http://www.outsidein.org.uk/

On Yom Kippur, my mother and I were taking a break from the synagogue.  We were walking around Stoke Newington, when a man approached us.  I stiffened, immediately expecting the London request for money.  Shame on me.  The man explained that his son was an artist and had an exhibition in a tiny gallery off the main street.  As a proud father, he wanted to tell people to go and see his son’s work.  My mother and I went to see the exhibition, and it was stunning.  Joshua Bloom had a science undergraduate degree, but clearly had an a strong artistic sensibility that has been influenced by his scientific training.  His photos, particularly of landscapes, are almost abstract in their perspectives, but never without humanity.  It felt like a very special, and unexpectedly aposite experience to be seeing his work with my mother, because his father had stopped us on the street and wanted to share his paternal pride with strangers.

http://www.joshuabloom.co.uk/

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It’s been a long draught.  I’m not sure why, lack of time and money I guess.  But this week I went to the theatre and to an art gallery, both for the first time in months.

I’ve been to many plays over the years at the National Theatre, and been underwhelmed by most.  Royal Hunt of the Sun was risible,  Zoe Wannamaker was embarrassing in The Rose Tattoo.  Matthew McFadyean was limp as usual, and Gambon swallowed his lines in Henry IV part I (I sold my ticket for part II).  August:Osage County was like an overlong American episode of EastEnders, and even the incredible Penelope Wilton couldn’t rescue The House of Bernarda Alba.  The only two things I’ve loved were Simon Russell Beale in Life of Galileo, a terrific, muscular new translation by David Hare, and who wouldn’t watch SRB boiling a kettle, and the utterly spectacular A Matter of Life and Death.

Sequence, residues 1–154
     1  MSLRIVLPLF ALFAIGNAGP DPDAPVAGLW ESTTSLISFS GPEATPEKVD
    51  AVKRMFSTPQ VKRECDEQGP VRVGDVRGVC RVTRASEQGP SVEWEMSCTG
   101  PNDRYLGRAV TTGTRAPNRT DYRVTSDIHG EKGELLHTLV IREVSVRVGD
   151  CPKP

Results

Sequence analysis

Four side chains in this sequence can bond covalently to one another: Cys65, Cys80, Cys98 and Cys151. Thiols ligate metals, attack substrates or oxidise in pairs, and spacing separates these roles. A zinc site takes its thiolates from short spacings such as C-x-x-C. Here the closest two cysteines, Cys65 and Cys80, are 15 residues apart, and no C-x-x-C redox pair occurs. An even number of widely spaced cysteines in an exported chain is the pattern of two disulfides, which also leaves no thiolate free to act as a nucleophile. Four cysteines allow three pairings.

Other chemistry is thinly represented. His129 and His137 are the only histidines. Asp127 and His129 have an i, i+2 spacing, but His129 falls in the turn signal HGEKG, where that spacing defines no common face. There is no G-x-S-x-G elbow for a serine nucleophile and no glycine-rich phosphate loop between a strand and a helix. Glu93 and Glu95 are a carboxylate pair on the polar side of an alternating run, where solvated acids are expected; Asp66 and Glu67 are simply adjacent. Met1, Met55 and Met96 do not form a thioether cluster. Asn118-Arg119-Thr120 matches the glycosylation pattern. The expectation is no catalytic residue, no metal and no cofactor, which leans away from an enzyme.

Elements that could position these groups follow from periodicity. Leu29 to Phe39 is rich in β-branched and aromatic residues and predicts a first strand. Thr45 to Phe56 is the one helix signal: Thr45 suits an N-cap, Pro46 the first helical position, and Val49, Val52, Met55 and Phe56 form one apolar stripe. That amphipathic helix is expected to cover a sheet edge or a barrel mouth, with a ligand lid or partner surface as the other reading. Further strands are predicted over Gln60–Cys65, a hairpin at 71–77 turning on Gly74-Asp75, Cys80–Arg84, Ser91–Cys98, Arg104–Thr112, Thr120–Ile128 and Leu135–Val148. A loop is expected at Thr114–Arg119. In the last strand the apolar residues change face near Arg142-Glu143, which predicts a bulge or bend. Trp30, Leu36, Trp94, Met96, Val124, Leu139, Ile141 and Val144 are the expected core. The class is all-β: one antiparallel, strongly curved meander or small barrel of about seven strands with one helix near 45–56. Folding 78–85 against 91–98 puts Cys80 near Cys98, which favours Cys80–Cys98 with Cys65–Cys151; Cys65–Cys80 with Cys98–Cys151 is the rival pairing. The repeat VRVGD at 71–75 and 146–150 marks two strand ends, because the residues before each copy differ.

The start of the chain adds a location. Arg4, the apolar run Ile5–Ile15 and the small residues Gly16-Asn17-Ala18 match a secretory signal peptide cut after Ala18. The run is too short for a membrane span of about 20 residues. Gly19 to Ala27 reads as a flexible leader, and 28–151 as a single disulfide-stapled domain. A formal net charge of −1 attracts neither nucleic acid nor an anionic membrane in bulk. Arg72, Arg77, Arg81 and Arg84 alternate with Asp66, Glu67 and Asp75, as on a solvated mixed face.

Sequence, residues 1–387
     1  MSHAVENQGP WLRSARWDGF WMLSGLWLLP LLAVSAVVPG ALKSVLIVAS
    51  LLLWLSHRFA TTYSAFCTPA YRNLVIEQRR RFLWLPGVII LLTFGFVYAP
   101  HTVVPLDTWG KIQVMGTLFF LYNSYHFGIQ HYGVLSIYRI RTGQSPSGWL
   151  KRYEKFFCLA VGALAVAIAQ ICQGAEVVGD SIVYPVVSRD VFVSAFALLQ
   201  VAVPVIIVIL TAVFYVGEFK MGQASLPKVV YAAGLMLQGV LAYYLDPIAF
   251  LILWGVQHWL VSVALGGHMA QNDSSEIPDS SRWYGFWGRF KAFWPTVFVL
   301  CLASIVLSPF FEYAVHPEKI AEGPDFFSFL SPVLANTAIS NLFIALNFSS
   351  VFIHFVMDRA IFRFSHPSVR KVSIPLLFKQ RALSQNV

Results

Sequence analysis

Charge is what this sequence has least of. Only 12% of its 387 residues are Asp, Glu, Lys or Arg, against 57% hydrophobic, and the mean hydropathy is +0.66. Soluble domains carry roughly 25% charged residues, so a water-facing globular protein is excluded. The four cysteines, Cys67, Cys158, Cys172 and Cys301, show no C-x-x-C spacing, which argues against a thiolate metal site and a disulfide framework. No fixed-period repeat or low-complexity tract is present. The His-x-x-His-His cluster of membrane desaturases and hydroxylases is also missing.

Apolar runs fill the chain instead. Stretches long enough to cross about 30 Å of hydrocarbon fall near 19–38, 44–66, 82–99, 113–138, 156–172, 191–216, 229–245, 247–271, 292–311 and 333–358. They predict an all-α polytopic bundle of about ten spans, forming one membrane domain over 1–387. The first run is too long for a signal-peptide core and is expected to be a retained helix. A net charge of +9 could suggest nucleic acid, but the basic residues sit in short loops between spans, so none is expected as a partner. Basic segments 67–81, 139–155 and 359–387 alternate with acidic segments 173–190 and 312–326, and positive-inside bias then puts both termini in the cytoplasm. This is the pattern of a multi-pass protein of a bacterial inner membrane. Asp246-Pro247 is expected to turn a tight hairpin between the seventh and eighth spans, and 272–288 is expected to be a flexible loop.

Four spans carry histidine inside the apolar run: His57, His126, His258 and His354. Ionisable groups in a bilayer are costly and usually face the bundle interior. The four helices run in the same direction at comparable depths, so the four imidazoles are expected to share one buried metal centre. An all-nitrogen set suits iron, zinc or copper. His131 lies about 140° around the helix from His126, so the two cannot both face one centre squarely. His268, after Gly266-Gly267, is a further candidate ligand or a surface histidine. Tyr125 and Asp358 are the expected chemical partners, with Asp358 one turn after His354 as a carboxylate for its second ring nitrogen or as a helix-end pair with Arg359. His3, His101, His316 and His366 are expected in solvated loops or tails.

So when J asked me along to see The White Guard at the National, my expectations were pretty low.  The Master and Magherita by Bulgakov is one of my favourite books, but I thought a play about the Ukraine during the Russian Revolution would be highly unlikely to hold my attention.  Unusually, I hadn’t read any press beforehand, otherwise I might have got a sense of the sort of night ahead of me.  I’m glad I didn’t, as the result was such a happy surprise. 

The play (Andrew Upton’s new translation) is very funny, laugh out loud funny.  The characters are real, three dimensional people, not just ciphers making political points.  The set (and despite all of my previous bad experiences with the National, they know how to make impressive sets) was extraordinary, it operated as an extension of the character’s experiences.    The play restored my faith in the National, and made me hungry to get back into theatre going as a regular night out.

I’d wanted to see Chris Ofili’s exhibition at Tate Britain since it opened, but hadn’t got organised.  I got an email reminder to say this was the final weekend, and realised as I was out of London I wouldn’t get to see it.  Tate Britain is a ten-fifteen minute walk from my office.  Friday lunchtime became now or never.  I asked E if he wanted to come, and always up for a jolly, he said yes.  We had 90 minutes to get there, round, and back to the office. 

I’d seen a couple of Ofili’s paintings in galleries over the years, and would recognise some of his work from reproductions, but E had never seen his work, so had no expectations.  It made it all the more special that he discovered something new, an artist he loved, as a result.  The work is so intense, so vibrant, undeniably beautiful.  There’s a tiny suspicion he might be a (very ornate, beautiful) one trick pony, but the later work shows he has grown and developed.   In the midst of a gallery full of largely traditional, white artists, it felt like a breath of the modern, the real, to see his work.  The only sad thing was that there were only white faces looking at the exhibition, at least whilst we were there.

It’s perhaps not unconnected that I’d experienced my first attack of writer’s block at a time when I hadn’t seen any theatre or visual art.  Influences and inspirations come from all areas, but without exposure to  different art forms, your own creative endeavours can stagnate.